Go shopping on Czaar Peterstraat

Framing the fringe of the city centre, Czaar Peterstraat is peppered with independent boutiques, innovative brand outlets and rails and rails of vintage clothes. Trendsetters should browse the racks at the CP113 concept store (cp113.com), where stylish retro wear and good coffee are on the menu. Peanut nuts, meanwhile, should make a trail for De Pindakaaswinkel (depindakaaswinkel.nl), the first (and possibly only) peanut butter shop in the Netherlands. Its flavours spread from honey and walnut to sea salt caramel. Souvenir shopping? NJAG (njag.nl), which stands for Not Just a Gift, has more necklaces, soaps, ceramics and toys than you could ever fit in a suitcase.

Explore De Baarsjes neighbourhood

Although most travellers only make it as far west as Oud-West, keep heading away from the city centre and you’ll hit upon the vibrant and contemporary neighbourhood of De Baarsjes. Brimming with the licks of the Amsterdam School’s architectural style (think: brick façades, wavy lines and expressionist details), this former working class area teaches the intrepid about the good things in life. Caffeine aficionados should stop for a home-roasted brew at White Label Coffee (whitelabelcoffee.nl), where light pours through the windows; else T’s (tsteas.com) huge selection of loose leaf teas will merrily convert any coffee fiend.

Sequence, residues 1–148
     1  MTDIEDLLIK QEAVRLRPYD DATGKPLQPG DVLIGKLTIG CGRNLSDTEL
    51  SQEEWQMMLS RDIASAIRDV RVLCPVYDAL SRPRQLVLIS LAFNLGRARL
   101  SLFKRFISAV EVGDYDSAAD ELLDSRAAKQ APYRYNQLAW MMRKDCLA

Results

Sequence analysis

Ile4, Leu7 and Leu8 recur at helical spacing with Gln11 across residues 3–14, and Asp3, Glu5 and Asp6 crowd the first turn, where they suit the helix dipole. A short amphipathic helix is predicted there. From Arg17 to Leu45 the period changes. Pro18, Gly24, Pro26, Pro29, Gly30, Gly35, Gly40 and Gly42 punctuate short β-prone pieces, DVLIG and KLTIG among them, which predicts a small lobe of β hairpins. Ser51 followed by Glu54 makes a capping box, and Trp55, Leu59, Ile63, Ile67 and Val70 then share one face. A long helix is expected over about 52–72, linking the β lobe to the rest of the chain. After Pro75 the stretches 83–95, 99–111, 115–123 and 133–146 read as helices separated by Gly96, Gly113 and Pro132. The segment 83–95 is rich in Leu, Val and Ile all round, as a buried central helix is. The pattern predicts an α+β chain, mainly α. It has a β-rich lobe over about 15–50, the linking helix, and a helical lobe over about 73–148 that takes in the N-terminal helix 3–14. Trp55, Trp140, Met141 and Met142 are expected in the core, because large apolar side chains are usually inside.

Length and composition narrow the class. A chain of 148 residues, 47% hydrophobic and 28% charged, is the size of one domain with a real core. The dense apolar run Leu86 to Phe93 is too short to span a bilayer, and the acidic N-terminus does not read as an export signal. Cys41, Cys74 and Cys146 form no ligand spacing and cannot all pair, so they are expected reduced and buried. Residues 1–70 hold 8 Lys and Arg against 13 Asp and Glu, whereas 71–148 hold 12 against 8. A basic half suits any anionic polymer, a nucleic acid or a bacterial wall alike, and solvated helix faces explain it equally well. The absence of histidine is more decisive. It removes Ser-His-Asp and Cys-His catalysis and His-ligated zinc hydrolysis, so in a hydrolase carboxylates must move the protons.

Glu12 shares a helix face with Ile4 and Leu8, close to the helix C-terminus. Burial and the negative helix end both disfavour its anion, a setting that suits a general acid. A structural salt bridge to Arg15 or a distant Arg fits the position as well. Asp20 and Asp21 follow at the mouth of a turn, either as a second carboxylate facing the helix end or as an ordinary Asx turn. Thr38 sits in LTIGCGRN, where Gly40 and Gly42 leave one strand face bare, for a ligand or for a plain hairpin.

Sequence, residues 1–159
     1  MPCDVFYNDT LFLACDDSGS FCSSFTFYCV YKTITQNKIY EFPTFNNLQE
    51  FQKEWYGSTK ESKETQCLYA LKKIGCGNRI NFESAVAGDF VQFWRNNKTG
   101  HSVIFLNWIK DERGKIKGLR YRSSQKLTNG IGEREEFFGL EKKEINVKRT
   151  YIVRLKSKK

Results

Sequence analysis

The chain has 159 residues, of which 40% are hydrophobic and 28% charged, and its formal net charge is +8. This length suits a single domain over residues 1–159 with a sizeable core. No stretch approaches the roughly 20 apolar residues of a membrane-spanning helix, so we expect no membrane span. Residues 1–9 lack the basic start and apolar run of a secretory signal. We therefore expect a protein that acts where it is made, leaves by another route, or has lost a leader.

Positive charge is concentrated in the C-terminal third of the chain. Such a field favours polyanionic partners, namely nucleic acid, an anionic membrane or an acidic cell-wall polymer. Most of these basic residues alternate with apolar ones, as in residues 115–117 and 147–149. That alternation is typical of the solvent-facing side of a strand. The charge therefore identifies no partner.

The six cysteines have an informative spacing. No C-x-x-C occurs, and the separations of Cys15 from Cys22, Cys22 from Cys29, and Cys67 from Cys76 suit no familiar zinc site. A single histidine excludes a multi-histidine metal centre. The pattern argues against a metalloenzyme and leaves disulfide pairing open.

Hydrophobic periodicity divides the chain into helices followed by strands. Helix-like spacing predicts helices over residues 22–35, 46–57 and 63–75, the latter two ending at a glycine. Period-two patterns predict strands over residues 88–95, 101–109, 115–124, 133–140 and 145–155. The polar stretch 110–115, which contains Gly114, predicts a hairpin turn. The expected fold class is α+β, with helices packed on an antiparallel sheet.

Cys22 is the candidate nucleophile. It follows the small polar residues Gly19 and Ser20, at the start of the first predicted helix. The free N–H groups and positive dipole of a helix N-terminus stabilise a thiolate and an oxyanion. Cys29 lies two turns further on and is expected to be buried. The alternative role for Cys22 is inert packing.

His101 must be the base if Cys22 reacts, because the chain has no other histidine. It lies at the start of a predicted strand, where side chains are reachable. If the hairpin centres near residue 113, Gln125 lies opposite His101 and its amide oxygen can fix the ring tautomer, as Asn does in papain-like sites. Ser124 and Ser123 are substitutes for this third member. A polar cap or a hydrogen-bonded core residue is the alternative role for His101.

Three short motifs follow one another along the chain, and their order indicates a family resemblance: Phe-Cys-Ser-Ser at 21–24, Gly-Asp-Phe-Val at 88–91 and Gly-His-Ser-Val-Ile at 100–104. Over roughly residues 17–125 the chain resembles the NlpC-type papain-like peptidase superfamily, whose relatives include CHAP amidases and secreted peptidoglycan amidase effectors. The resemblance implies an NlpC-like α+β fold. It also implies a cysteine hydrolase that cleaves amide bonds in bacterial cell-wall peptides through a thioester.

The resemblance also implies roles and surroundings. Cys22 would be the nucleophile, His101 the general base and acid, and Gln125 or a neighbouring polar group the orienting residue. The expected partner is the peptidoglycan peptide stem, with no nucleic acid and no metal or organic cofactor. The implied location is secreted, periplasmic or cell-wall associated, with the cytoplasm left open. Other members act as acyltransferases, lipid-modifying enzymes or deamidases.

Take a walk on the Wibautstraat

If you think Amsterdam is all about narrow streets, romantic canals and arching bridges, chances are you haven’t yet set foot on Wibautstraat. With its edgy, high-rise concrete buildings, plus wide roads and pavements, it could easily be mistaken for East Berlin. Step inside the unconventional Volkshotel, opened on the former premises of a newspaper HQ, and head up to its Canvas restaurant for a captivating view of the city. Then indulge in some Mediterranean-inspired tapas at The Pool (thepoolrestaurant.com) where the cocktails are as glam as the décor.

Relax by the water at Muziek Gebouw

Feeling overwhelmed by the crowds in Dam Square? Clear your head along the banks of the IJ river next to the state-of-the-art concert hall Muziek Gebouw aan ‘t IJ. On the terrace at Zouthaven, with a glass of prosecco in your hand, watch the boats pass by as the sun sets over Centraal Station. If you’re staying for the seafood dishes, try the Zeeland oysters. Desserts are delectable, especially the lime-honey mousse and pineapple tarte tatin.

Taste delicious street food at De Pure Markt

The street food scene is still emerging in Amsterdam, with food festivals and Sunday markets inviting locals to sample cuisines from around the world. Although stately Westerpark is a popular destination for food fairs, a hip alternative is De Pure Markt at the lesser known Frankendael Park. From Dutch Gouda cheese and Surinamese roti, to Indian curries and Spanish paellas, you’re spoiled for choice for affordable artisan food and alongside local arts and crafts stalls.